Your sleeping brain can respond to wind farm and traffic noise
What’s happening? Wind farm and road traffic noise activates a brain response when sleeping, but not usually enough to wake an individual, a Flinders University study suggests. Researchers recruited 23 healthy young people and exposed them to three-minute samples of the noises at 33, 38 and 43 A-weighted decibels (dBA) while sleeping. Electroencephalograms showed similar responses to both noises, particularly at louder levels. During light sleep, low-level wind farm noise caused more brain activation than road traffic at the same level. Brainwave activity returned to baseline sleep activity around 30 seconds after the start of the noise, and very few participants woke up. (Journal of Sleep Research, Flinders University)
Why does this matter? The World Health Organization claims that noise pollution is the second leading environmental cause of health problems after air pollution and it’s not hard to see why.
According to the European Environment Agency (EEA), noise contributes to 48,000 new cases of ischaemic heart disease and 12,000 deaths in the region per year. It can also disrupt sleep – even if it’s not enough to wake an individual, it can still interrupt sleep stages. Aside from poor concentration, sleep disturbance is associated with conditions such as high blood pressure and increased heart rate. Noise pollution also impacts mental health, productivity, children’s learning and development and hearing. It’s even been linked to Alzheimer’s disease and other dementias.
It’s also a threat to biodiversity as long-term noise pollution exposure has been associated with changes in animal activity, space use, breeding, foraging, feeding offspring, predator awareness, territorial defence and communication. All these factors reduce a creature’s chance of survival. A recent meta-analysis pointed out that its impact is felt across many species of birds, reptilians, fish, mammals, molluscs, arthropods and amphibians. The authors noted their study was unable to determine if noise has negative or positive effects, but regardless said that human-made noise pollution needs better regulation to protect wildlife.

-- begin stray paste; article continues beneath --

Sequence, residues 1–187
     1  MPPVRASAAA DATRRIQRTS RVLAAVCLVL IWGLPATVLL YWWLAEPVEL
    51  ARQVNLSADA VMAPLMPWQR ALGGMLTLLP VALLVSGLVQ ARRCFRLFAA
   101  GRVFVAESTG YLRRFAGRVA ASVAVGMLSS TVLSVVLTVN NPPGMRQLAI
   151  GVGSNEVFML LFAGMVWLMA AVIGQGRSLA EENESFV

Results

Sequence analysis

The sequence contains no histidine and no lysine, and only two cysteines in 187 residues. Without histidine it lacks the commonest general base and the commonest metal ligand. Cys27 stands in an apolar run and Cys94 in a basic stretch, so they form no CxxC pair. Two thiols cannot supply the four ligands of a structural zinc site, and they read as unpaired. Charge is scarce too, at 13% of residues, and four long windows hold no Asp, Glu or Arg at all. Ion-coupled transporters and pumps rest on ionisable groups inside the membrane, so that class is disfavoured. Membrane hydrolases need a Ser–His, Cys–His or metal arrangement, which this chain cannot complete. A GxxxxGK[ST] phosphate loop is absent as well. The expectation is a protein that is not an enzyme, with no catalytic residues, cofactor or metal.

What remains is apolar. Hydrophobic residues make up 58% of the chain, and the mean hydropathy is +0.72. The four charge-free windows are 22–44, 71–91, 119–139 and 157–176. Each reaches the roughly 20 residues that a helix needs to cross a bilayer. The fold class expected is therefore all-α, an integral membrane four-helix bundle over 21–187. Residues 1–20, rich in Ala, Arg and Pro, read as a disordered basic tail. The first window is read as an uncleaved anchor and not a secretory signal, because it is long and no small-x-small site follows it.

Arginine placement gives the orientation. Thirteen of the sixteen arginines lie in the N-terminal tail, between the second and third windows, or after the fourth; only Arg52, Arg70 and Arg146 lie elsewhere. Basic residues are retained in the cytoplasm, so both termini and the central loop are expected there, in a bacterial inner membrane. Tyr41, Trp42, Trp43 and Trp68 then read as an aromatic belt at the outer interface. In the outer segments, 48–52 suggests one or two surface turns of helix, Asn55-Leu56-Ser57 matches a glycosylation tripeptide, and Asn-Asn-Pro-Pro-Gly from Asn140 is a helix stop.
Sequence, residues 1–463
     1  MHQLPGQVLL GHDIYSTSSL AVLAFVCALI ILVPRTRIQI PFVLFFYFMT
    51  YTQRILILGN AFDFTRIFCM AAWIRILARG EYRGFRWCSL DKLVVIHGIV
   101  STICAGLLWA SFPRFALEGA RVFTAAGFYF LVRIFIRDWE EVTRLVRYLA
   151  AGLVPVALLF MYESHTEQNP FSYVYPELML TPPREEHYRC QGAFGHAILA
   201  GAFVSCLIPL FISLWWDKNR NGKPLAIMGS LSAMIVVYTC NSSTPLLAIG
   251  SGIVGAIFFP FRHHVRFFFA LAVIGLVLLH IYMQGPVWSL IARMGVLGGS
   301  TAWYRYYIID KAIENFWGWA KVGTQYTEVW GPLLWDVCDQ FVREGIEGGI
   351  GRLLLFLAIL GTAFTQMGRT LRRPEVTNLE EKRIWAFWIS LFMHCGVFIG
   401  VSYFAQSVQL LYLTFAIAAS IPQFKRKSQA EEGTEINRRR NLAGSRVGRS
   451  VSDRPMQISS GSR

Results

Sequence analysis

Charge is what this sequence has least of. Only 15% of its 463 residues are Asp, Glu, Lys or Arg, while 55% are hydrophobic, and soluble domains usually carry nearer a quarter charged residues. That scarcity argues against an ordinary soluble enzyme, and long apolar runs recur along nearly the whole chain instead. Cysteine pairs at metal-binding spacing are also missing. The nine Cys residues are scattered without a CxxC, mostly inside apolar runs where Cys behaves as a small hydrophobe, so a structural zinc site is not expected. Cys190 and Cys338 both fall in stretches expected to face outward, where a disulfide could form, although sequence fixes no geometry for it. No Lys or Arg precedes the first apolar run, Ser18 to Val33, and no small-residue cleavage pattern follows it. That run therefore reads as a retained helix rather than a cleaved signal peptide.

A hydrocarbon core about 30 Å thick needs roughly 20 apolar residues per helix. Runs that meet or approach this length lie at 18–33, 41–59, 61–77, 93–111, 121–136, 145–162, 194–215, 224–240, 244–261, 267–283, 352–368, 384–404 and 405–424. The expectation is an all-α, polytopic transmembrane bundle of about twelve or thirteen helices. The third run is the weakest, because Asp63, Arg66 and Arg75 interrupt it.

The WHO suggests the ideal maximum exposure to noise is 55 dBA and lower for bedroom and learning environments. In Europe alone, however, it’s been estimated that around 113 million of its citizens are exposed to traffic noise above this level, followed by 22 million for railway noise and four million for aircraft noise. As with other forms of environmental pollution and public health crises, it disproportionately affects people of colour and those with a lower socioeconomic status.
What are the solutions? In 2018, the WHO issued environmental noise guidelines, which are the first of their kind globally. These consider transportation, wind turbine and leisure noise (e.g. nightclubs etc). Measures that can be taken to reduce noise pollution include noise barriers, traffic management strategies, low-noise breaks on freight trains, building insulation and design, land-use planning and design, changing driving styles, quiet road surfaces and low-noise tyres. Limiting the times that certain activities, such as construction, can take place is also helpful
Cracking down on noisy drivers is another option. Sensor technology, which Paris is trialling in a real-world pilot, can detect vehicle revving and motorbike backfiring and identify drivers via their number plate. Once implemented culprits would receive a fine. Various cities across the US are also considering similar methods.
Another and more bolder solution could lie in legal actions such as the Massachusetts climate law that has been heralded as a key step in the state’s fight for environmental justice. The legislation set out new goals on clean energy and emission and aims to help communities be involved in infrastructure decisions. It also means the state must consider how its residents have already been impacted by existing pollution levels. More awareness – both by governments and their citizens – of the impact of noise pollution is necessary if we are to move towards mitigating its harms to both human health and the wider environment.
Lateral thought – The rising popularity of electronic vehicles will not only serve to reduce air pollution resulting from combustion of fossil fuels, it will also cut noise pollution as they are far quieter, although this presents its own set of problems for other road users.